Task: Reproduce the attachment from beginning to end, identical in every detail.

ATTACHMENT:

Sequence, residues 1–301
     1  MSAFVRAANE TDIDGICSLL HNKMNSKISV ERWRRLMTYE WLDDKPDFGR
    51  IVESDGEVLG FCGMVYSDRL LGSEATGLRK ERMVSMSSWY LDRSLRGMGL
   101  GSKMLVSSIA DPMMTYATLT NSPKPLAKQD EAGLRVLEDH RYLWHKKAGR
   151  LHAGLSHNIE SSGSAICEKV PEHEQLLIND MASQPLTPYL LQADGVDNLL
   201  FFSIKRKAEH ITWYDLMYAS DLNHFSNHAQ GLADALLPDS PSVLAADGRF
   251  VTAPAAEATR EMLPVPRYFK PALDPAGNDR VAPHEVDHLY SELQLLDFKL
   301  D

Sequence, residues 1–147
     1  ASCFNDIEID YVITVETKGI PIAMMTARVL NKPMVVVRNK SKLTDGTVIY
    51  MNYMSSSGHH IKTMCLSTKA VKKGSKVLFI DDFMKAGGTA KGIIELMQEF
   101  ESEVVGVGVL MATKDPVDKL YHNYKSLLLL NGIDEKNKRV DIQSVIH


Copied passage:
Sequence, residues 1–301
     1  MSAFVRAANE TDIDGICSLL HNKMNSKISV ERWRRLMTYE WLDDKPDFGR
    51  IVESDGEVLG FCGMVYSDRL LGSEATGLRK ERMVSMSSWY LDRSLRGMGL
   101  GSKMLVSSIA DPMMTYATLT NSPKPLAKQD EAGLRVLEDH RYLWHKKAGR
   151  LHAGLSHNIE SSGSAICEKV PEHEQLLIND MASQPLTPYL LQADGVDNLL
   201  FFSIKRKAEH ITWYDLMYAS DLNHFSNHAQ GLADALLPDS PSVLAADGRF
   251  VTAPAAEATR EMLPVPRYFK PALDPAGNDR VAPHEVDHLY SELQLLDFKL
   301  D

Sequence, residues 1–147
     1  ASCFNDIEID YVITVETKGI PIAMMTARVL NKPMVVVRNK SKLTDGTVIY
    51  MNYMSSSGHH IKTMCLSTKA VKKGSKVLFI DDFMKAGGTA KGIIELMQEF
   101  ESEVVGVGVL MATKDPVDKL YHNYKSLLLL NGIDEKNKRV DIQSVIH